Committed to bringing awareness to consumers and others working in her sector, Sherry Medina recently made the courageous decision to blow the whistle on Big Ag's liberal and unrestricted application of hazardous chemicals in poultry processing.
Parents are realizing that just keeping their children safe in a crash isn't the end-all, be-all of car seats. We also need to think about the long-term implications of exposing our kids to the toxic chemicals the seats can be made with.
What if chemical companies had to demonstrate that their products were safe before they were allowed to put them into hundreds of products our children and families use every day? That's a common sense change that could end needless illnesses and suffering.
That's the way it is for toxic products and processes: There are safe alternatives for them. There are safe substitutes for virtually every deadly product and process. The problem? The vested interests that continue to push and defend them.
I have a different relationship with water since moving to Cornfield Creek, off Maryland's Magothy River. I moved here after three decades of city living, which involved -- among other things -- not thinking about water very much.
3D printers, or additive manufacturing as it is also called, have gone beyond printing prototypes to printing final products ready for use such as jewelry, chairs, human jaw bones, and parts for jet engines to name just a few.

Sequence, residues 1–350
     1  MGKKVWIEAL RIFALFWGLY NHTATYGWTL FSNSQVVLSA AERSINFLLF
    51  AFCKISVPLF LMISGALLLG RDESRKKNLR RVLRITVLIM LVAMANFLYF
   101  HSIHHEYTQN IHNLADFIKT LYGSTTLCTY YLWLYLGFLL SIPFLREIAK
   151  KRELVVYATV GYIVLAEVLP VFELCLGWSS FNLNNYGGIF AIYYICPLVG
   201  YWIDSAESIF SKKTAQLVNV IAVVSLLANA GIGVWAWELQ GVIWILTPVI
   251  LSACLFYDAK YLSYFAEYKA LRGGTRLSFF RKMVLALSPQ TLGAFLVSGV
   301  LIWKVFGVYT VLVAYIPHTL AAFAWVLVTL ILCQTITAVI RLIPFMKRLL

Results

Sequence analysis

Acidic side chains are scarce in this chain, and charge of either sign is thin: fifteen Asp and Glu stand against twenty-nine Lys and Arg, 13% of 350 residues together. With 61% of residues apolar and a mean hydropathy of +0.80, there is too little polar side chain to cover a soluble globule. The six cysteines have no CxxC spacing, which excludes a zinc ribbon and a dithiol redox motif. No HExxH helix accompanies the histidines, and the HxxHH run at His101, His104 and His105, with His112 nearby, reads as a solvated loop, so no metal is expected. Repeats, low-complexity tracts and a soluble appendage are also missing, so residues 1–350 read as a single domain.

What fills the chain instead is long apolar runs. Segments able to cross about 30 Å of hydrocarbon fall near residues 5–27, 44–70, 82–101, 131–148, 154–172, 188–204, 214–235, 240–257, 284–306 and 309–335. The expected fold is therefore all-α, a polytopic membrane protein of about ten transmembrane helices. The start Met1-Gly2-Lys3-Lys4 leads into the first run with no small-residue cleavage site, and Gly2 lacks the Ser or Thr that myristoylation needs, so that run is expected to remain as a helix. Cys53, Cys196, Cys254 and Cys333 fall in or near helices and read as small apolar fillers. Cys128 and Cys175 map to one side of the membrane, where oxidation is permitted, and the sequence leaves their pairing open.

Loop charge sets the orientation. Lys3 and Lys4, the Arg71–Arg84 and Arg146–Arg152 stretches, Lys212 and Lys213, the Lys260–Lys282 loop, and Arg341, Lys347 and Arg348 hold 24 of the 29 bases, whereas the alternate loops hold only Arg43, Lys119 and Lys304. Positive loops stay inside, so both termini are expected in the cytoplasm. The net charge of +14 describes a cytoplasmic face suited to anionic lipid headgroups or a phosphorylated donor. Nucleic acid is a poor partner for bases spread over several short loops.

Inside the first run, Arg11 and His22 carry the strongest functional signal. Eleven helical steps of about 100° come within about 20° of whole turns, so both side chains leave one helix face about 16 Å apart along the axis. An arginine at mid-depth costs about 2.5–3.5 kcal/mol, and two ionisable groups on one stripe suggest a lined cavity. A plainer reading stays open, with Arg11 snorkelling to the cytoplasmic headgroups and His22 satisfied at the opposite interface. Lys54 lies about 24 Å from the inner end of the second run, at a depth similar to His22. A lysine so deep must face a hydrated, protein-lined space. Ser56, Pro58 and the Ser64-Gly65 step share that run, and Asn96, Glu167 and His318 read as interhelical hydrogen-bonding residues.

Last month a jury in Colorado awarded 59-year-old Wayne Watson $7.2 million from three companies for damages caused by microwave popcorn. The reason? In 2007 Mr. Watson contracted a rare but serious lung disease.
We all do it. The minute after we decide to move out to a home of our own, we're tapping away at a registry imagining creating the perfect meal in the perfect kitchen outfitted with the perfect pots and pans.
A staunch environmental advocate, the 31-year-old star recently launched the Honest Company, which makes nontoxic, ecofriendly baby gear. She took some time to answer our questions about her commitment to safe chemistry.
Stanford's report that organic foods may not be much healthier or more nutritious than their conventional counterparts has caused quite a stir. Food, clean from antibiotics, growth hormones and pesticide residue, should be a basic human right.
What if every chemical, as well as every chemical reaction, was put into software that could reveal new and unexpected pathways to process chemicals far faster and with less hazardous results? That's exactly what was created by a team led by Bartosz Grzybowski.